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Booking.com accused of still using pressure selling tactics

Emma Lunn
Written By:
Emma Lunn
Posted:
Updated:
19/09/2019

Hotel reservation website Booking.com has been criticised for continuing to mislead consumers and not displaying the full cost of a room, despite a crackdown by the Competition and Markets Authority (CMA).

Which? Travel carried out spot checks on six websites ordered to make changes following enforcement action by the CMA earlier in the year. The sites were accused of pressure selling, publishing misleading discount claims, allowing commissions to impact search results, and having hidden charges.

The CMA says practices such as giving a false impression of a room’s popularity or not displaying the full cost upfront could potentially break consumer protection law, and that it was taking enforcement action against Expedia, Booking.com, Agoda, Hotels.com, ebookers and Trivago, and gave them until 1 September to up their game.

But Which? found Booking.com was still flouting the rules after the deadline passed, with five out of 10 of its “only 1 room left on our site” claims failing to give an accurate picture of availability.

In one example, search results for the Park Plaza Westminster Bridge warned that just one “secret deal” room was available – a superior double room (with disability access) priced at £232.

However, after clicking through to the booking page, Which? scrolled down to find another 10 superior doubles (with internal view) available for a cheaper rate of £226. In total, 34 empty rooms were still available at the same hotel on the same night.

In another example, The Banjo B&B in Liverpool showed “1 room left” – on a budget double room. When Which? clicked through there were four identical “budget double rooms” for the same price of £49.

A spokesperson for Booking.com told Which? that it had worked hard to implement the commitments agreed with the CMA, which include finding ways to inform customers about the data supporting messages on the availability and popularity of specific properties. It also said it maintains ongoing collaboration to further enhance the consumer experience and that the CMA investigation had closed without any finding or admission of an infringement.”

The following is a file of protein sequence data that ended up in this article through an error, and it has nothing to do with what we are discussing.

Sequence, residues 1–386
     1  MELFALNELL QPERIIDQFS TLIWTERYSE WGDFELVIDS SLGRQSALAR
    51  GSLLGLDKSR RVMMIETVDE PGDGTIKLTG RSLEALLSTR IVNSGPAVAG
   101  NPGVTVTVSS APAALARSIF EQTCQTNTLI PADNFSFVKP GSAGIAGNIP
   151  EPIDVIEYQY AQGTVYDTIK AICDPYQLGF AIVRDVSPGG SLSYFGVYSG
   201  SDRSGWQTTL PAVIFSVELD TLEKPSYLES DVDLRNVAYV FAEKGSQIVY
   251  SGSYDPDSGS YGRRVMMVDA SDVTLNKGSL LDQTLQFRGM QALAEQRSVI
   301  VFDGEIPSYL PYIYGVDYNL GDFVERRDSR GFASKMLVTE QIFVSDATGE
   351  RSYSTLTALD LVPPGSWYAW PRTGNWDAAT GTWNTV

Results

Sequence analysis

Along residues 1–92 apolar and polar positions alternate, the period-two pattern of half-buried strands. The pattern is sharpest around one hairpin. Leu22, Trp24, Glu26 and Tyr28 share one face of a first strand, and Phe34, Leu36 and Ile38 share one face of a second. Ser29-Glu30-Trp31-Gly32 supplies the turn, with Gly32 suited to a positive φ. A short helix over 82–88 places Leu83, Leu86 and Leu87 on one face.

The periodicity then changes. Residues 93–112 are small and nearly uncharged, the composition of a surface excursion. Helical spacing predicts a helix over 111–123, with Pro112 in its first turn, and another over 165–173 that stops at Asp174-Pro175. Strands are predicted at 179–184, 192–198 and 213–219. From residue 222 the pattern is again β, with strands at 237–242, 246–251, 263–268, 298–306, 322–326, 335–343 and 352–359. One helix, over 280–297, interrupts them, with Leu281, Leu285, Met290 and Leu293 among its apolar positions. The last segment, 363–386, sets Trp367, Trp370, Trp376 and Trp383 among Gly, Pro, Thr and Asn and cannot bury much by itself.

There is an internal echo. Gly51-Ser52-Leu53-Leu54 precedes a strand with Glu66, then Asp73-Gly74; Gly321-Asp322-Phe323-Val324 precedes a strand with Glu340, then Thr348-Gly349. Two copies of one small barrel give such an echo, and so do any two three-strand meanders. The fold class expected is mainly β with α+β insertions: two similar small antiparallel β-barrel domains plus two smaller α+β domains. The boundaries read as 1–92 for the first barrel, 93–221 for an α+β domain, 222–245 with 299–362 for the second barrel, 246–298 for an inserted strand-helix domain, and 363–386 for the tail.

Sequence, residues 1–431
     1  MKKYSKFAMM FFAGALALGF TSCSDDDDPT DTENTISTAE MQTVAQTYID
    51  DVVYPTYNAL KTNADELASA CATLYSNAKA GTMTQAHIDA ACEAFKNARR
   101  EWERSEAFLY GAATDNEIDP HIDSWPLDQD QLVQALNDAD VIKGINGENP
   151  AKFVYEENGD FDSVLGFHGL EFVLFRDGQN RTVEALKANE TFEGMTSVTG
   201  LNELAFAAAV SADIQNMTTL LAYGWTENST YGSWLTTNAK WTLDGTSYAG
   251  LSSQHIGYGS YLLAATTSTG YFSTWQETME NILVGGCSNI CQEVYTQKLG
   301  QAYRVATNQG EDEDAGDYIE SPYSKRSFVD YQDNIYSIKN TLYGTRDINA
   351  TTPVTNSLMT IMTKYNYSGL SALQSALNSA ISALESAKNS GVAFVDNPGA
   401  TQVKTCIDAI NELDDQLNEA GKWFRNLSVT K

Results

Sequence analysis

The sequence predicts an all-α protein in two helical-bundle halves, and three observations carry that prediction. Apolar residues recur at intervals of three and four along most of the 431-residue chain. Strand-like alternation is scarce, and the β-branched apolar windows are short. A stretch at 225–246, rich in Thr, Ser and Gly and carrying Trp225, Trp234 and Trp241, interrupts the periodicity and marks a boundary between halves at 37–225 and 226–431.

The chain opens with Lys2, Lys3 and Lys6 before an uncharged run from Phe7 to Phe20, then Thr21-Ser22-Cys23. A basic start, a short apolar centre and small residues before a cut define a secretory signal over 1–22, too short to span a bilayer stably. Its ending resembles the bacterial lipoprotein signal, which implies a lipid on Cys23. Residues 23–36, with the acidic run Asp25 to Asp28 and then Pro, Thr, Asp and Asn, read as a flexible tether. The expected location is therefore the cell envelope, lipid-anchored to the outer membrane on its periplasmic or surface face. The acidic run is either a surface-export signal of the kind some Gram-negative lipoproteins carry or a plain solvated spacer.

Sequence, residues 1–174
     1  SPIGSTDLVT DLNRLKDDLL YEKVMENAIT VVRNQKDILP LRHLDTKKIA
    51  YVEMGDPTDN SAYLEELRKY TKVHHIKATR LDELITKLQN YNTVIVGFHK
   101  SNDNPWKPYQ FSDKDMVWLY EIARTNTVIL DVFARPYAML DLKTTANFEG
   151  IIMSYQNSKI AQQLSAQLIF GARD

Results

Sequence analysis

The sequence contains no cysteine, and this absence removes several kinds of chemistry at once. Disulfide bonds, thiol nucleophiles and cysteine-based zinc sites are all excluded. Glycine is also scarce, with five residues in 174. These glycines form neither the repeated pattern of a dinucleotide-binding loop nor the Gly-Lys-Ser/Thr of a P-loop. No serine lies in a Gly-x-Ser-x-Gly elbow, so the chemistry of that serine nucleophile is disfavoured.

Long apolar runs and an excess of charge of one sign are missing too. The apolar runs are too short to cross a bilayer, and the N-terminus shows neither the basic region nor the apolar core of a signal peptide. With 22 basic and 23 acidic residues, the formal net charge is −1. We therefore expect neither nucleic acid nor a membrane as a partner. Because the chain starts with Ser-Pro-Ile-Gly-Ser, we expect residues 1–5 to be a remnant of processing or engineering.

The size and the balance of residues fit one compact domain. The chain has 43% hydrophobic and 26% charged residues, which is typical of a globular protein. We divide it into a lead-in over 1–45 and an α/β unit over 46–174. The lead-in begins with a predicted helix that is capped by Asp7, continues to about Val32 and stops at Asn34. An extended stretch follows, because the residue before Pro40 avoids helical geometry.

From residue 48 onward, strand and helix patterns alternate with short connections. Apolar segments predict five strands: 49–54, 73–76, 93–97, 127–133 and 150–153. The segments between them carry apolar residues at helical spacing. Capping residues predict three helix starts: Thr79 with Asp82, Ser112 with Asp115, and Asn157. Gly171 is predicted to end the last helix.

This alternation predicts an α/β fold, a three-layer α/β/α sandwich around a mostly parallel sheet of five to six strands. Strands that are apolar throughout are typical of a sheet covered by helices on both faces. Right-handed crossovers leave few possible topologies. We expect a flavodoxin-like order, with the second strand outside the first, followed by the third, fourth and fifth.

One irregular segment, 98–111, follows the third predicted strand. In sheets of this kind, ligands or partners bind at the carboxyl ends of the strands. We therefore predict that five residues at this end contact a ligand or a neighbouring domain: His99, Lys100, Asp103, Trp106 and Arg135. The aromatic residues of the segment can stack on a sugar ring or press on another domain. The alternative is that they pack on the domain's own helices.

In contrast, the five other sites which were named and shamed by the CMA appeared to have cleaned up their acts on the specific issue of pressure selling.

Which? Travel first highlighted the risk of travellers being misled by these tactics more than three years ago, prompting action from the CMA, which last week announced a further 25 firms, including the likes of TripAdvisor, Airbnb and Google, have signed up to its consumer protection law principles for online booking sites.

These are designed to stamp out practices that could mislead people, stop them finding the best deal and potentially break consumer law.

Naomi Leach, of Which? Travel, said: “We found clear evidence that Booking.com has not yet sufficiently cleaned up its act and is flouting the rules on pressure-selling, which could lead to millions of consumers being rushed into making a booking.

“It must now provide cast-iron guarantees that it won’t continue to mislead holidaymakers with these unscrupulous practices, otherwise the regulator will have to step in with strong action to bring it into line.”